Acclaimed director/choreographer and 2015 Tony Award®-winner Christopher Wheeldon received a Tony® Award nomination for Best Director and won the Tony Award for Best Choreography for this production. This show was also the most award-winning musical of the 2015-16 Broadway Season.
After the 2010 world premiere in Pittsburgh of ‘S Wonderful – The New Gershwin Musical the CLO’s Van Kaplan began discussions with members of the Gershwin family about creating An American in Paris for the stage. The Pulitzer Prize-nominated playwright Craig Lucas chose to ground the story in the post World War II. Lucas continued to develop the characters and add their backstories to strengthen the plot. He did not remake the movie, but instead crafted a fully realized story.
At the end of World War II, Jerry Mulligan, an American soldier, decides to stay in Paris and nurture his passion for painting. With a little help from kindred spirits Adam Hochberg, a composer and fellow veteran; and Henri Baurel, the son of wealthy French industrialists and wannabe song and dance man, they become fast friends and imagine a bright future in the City of Lights.
The intersecting point for al the characters is a ballet audition. Adam is writing the score for the new ballet and brings Jerry along to the audition. Henri’s parents are major supporters of the company so they are there along with Henri. Milo Davenport, an up and coming philanthropist, art dealer and ingénue is in attendance to add more feminine charm.
As the auditions, begin a stunningly beautiful aspiring ballerina, Lise Dassen, appears. She is hoping to win a spot in the company but having arrived late is turned away. Adam, sensing she is the “one”, encourages her to stay and participate. As the other dancers are passed over and dismissed, Lise remains. She is the focus as Jerry, Adam and all of us in the audience fall in love with her and her stunningly graceful performance.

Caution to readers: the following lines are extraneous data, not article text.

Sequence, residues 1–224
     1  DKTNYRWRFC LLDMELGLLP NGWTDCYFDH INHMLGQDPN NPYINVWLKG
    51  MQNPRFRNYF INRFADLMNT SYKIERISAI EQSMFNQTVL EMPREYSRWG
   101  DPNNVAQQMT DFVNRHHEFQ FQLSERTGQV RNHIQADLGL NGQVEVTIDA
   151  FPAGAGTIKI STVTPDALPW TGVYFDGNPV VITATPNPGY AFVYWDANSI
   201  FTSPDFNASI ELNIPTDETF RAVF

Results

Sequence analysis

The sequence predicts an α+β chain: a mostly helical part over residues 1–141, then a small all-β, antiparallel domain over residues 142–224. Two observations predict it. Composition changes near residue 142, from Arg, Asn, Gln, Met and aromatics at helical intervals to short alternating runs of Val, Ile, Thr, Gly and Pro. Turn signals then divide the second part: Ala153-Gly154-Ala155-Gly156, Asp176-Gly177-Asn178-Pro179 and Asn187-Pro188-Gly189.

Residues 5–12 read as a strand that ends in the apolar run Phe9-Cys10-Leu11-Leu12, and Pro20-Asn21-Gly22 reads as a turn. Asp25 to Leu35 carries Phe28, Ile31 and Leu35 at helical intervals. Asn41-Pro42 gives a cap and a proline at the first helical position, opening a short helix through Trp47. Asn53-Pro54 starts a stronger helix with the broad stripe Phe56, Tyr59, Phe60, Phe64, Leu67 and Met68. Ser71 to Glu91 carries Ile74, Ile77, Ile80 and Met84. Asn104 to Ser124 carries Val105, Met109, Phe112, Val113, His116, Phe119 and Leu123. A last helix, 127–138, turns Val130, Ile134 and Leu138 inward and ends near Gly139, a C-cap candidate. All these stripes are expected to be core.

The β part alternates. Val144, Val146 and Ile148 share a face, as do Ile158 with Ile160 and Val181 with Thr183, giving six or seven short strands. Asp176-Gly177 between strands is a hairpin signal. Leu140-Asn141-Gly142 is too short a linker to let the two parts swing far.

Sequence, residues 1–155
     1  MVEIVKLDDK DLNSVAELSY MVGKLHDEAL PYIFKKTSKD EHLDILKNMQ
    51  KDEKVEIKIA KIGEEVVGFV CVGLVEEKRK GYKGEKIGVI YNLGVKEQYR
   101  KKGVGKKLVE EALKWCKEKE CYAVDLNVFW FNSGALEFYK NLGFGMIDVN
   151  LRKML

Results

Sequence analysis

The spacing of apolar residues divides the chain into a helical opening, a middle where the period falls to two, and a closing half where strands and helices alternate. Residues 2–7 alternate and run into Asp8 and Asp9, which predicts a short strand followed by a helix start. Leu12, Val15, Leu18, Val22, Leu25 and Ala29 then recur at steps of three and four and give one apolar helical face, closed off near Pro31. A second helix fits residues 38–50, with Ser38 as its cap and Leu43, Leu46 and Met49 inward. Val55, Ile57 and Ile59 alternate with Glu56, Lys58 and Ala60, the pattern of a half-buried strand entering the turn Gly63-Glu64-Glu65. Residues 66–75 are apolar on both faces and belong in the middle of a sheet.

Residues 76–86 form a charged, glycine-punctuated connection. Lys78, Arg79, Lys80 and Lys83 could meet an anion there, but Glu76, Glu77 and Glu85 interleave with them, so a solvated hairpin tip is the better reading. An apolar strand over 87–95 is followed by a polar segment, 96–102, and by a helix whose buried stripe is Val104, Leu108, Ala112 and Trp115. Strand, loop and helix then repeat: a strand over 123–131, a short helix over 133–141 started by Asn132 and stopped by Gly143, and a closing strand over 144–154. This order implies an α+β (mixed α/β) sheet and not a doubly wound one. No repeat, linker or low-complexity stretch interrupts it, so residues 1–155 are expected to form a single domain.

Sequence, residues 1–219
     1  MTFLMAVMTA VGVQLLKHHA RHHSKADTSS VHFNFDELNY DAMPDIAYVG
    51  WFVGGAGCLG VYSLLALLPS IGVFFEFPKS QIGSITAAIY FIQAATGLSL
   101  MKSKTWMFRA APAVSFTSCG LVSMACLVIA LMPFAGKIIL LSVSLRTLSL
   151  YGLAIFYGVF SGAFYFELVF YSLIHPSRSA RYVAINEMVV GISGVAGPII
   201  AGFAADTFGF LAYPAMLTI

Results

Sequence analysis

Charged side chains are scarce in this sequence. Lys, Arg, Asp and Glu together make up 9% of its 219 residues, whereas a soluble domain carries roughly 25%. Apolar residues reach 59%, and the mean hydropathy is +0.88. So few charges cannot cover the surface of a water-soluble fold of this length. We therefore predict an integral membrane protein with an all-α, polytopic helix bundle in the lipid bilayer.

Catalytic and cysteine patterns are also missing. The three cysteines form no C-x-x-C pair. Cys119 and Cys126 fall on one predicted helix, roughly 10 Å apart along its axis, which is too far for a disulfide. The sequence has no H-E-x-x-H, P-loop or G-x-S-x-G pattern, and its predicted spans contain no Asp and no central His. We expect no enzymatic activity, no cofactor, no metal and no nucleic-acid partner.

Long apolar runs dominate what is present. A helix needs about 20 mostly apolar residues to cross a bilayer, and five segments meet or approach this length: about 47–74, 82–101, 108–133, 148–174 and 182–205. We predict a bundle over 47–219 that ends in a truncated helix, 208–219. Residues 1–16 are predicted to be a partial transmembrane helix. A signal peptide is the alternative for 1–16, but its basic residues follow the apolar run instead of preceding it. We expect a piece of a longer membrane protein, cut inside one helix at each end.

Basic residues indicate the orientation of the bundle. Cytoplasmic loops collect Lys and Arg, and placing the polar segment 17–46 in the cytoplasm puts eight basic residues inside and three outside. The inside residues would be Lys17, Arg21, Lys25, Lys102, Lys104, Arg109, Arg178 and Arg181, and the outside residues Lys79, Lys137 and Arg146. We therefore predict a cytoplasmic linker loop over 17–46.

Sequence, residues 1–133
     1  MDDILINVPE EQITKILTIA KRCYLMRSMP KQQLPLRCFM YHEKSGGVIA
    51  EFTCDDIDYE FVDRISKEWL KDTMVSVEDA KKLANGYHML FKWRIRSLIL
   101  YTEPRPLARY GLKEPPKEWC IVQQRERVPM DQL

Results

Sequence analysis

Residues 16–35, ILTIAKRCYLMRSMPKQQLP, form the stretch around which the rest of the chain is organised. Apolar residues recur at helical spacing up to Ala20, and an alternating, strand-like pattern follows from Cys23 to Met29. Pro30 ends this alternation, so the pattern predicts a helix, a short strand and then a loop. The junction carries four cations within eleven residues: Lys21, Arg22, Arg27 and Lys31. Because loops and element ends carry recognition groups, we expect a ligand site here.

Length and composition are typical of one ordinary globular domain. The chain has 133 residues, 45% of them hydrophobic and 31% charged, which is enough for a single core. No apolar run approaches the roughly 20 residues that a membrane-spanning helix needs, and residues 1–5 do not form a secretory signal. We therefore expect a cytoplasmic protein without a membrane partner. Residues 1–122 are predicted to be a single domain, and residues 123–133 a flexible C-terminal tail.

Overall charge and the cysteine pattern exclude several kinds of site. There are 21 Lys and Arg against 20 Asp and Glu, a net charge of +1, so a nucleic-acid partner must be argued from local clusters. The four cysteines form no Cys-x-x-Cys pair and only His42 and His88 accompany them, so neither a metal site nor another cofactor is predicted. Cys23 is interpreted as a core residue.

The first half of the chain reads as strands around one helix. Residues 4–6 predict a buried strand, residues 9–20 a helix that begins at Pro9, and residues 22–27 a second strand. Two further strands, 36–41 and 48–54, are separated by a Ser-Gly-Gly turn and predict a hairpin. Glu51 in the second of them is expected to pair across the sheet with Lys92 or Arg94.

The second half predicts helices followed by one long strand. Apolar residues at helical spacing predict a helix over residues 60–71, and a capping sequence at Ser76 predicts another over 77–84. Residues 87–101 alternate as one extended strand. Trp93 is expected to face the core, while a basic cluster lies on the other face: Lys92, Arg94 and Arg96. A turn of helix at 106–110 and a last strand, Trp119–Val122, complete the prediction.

After Lise’s stellar audition, Milo announces she wishes to fund the new ballet with Lise as the star using Jerry’s designs. The plot then begins its twists and turns as long held secrets are revealed complicating the characters lives.
The story is told predominantly through dance, a beautifully executed fusion of classic ballet with Broadway style dance routines. Take a second in the “An American in Paris” ballet number to watch the dancers feet and in particular their shoes to see just how seamlessly this works. The ballet dancers are en pointe and the Broadway dancers in heels. It works as a lovely blend of both styles.
The importance of dance is reflected in the casting choices. Since April, McGee Maddox, former principal dancer with the National Ballet of Canada plays the role of Jerry. Sara Esty, a classically trained ballerina from the Miami Ballet, is Lise. She has been alternate and standby for Lise for the Paris premiere and on Broadway prior to assuming the role full-time on the national tour and her experience shows. Their dancing is a joy to watch. What’s missing is the smoldering sexual chemistry between them. The lust and love they share that is the cornerstone of the show’s story does not come across in this casting.